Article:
Throughout the 1850s there was an increase in the number of photographers from 'less-educated ranks'. Additionally, advancements in technology enabled detailed, precise photographs to be created, instead of the suggestive nature of the picturesque. Snyder (2002, p.182) defined this as a move 'away from the aesthetics of suggestion and [move] toward articulation'. It was the detail that mattered in landscape photography, with photographers free of the constraints of convention that they had experienced whilst creating picturesque scenes. The photographic quality of scenic views were based on their accuracy to nature and lifelikeness. 

Therefore the culmination of these expectations for photographers meant that they had to:

devise an approach to the production of landscape pictures that appeared to escape the generally sanctioned motifs and formulae of landscape depiction, while emphasising, at the same time, those qualities that were increasingly taken by their audience to be indices of photography...

(Snyder, 2002, p. 182)

 By the 1860s, photographers were expected to produce realistic images in an artistic way, which Snyder summarised as a combination of 'scientific laws and photographic craft'. One of the photographers, who was able to combine these factors was Carleton Watkins. The San Franciscan set the standard for commercial landscape photographers of the American West by producing detailed images of Yosemite. Large scale settings required a large-scale photographic process, so Watkins used 20-by-24-inch negatives. Meanwhile, his ability to capture natural occurrences, such as the mirrored reflections of landscape features, was recognised by Oliver Wendell Holmes as a 'recorded sight', a view anyone could, and would, expect to see. Watkins's photographs could be bought, and adorn the walls of people who had visited those depicted beauty-spots, and experienced an identical view.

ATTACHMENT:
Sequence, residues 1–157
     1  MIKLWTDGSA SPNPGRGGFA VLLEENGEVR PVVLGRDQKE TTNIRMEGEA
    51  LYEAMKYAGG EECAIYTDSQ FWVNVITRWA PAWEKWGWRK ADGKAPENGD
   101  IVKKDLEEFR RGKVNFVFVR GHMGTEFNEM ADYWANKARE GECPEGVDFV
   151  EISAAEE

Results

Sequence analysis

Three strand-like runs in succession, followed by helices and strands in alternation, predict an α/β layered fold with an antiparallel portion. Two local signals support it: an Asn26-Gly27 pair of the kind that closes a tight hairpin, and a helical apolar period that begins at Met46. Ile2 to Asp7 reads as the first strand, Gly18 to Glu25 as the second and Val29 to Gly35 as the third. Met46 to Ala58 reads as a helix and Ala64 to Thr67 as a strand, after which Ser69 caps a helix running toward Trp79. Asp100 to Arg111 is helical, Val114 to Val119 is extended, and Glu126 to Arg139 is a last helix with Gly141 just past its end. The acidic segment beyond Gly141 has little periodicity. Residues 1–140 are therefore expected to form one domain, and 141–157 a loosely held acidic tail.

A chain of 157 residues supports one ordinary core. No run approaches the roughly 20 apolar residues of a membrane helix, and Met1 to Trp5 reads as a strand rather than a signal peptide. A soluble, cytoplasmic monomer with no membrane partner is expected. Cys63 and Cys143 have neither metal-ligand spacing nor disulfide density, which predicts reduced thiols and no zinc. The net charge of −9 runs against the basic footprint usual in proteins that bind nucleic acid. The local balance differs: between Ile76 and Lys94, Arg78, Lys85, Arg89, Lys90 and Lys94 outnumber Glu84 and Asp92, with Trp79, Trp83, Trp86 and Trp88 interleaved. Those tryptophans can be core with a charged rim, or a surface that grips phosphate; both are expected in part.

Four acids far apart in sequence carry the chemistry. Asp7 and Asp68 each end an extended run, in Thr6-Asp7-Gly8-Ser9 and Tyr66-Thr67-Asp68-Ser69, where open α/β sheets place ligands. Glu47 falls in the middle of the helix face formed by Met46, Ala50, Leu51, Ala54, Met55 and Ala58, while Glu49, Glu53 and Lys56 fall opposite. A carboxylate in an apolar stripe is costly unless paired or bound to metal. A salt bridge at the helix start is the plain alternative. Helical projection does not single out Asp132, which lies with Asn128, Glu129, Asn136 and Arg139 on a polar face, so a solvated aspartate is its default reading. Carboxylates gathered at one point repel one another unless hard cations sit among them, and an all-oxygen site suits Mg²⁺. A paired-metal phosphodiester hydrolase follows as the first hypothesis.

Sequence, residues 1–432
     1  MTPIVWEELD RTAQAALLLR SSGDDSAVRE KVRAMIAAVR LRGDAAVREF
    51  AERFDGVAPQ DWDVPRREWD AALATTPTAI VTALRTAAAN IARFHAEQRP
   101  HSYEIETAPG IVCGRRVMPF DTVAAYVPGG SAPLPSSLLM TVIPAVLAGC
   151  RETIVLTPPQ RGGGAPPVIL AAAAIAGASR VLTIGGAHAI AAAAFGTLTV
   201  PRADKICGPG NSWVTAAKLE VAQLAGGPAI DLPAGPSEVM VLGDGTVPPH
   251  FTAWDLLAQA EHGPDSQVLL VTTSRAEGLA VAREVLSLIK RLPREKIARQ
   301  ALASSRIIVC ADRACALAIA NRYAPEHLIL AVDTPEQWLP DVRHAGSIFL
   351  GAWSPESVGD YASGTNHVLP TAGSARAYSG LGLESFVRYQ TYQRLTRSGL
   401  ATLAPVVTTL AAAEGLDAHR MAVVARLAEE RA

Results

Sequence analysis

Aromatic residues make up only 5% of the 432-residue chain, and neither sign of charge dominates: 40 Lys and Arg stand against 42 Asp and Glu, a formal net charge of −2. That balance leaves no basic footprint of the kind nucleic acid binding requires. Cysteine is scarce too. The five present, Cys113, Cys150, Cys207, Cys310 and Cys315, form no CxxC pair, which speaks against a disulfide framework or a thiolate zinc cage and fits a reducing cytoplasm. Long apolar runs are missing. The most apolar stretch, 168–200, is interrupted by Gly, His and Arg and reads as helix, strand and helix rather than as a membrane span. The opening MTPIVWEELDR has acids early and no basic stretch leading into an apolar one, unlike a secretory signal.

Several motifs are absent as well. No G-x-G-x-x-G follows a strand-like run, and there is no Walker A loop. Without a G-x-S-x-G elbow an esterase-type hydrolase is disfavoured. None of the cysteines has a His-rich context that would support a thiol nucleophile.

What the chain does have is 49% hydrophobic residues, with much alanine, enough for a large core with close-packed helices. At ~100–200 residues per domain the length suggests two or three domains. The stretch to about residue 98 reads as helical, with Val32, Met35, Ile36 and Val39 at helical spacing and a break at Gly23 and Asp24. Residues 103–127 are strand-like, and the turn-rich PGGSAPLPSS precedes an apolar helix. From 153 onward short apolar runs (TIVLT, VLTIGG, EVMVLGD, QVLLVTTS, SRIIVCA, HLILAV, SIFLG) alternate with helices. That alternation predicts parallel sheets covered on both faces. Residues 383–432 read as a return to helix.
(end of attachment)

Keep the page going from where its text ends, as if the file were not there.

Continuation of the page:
Part of Watkins's technique was to manipulate the highlights and shadows into a continuum of mid-tones. The harsh, geometric shapes of man-made structures, that are associated with the construction of mines and railroads, were merged into the natural backdrop. 

Indian Summer on the Columbia, by Carleton Watkins

Indian Summer on the Columbia, by Carleton Watkins

Dam and Lake, Nevada County, by Carleton Watkins

Dam and Lake, Nevada County, by Carleton Watkins

The two images above are examples of Watkins's work. 'Indian Summer' illustrates his use of reflection to create a picturesque scene that would appeal to tourists. It is an enticing scene that a would-be visitor could expect to see. Meanwhile, in the second image, Watkins's viewpoint portrays the dam as a natural platform for the trees above it.

Following on from this, Snyder contrasts the work of Carleton Watkins with that of Timothy H. O'Sullivan. Having originated from New York, O'Sullivan did not share his affinity towards the American West. Whereas Watkins had endeavoured to amalgamate pioneers within their new territory, O'Sullivan made locations for his survey photography appear inhospitable; they posed little hope of humans settling there. 

Furthermore, O'Sullivan's photographs define a territory that "could properly be investigated only by the new elite, to the exclusion of the old military caretakers" (Snyder, 2002, p. 199). Having served his apprenticeship on the battlefield, O'Sullivan believed that the army were unable to record the advancement into undiscovered corners of America. He would have advocated a scientific approach to documenting the new frontier, a 'wild west' that was unable to be tamed. For example, O'Sullivan's 'South side of Inscription Rock' and 'Rock formations in the Washakie Badlands' (below) show formidable geological formations that fill the frame. O'Sullivan's tight crop offers the viewer very little space for potential colonisation.  

South side of Inscription Rock, New Mexico 1873, by Timothy O'Sullivan

Rock formations in the Washakie Badlands, Wyoming, in 1872, by Timothy O'Sullivan

Rock formations in the Washakie Badlands, Wyoming, in 1872, by Timothy O'Sullivan

In conclusion, both Watkins and O'Sullivan were able to present their own interpretation of the American West, with the intention of presenting a particular point of view. In terms of the photographer as artist, each was able to manipulate the view by what they chose, and omitted, from the viewfinder.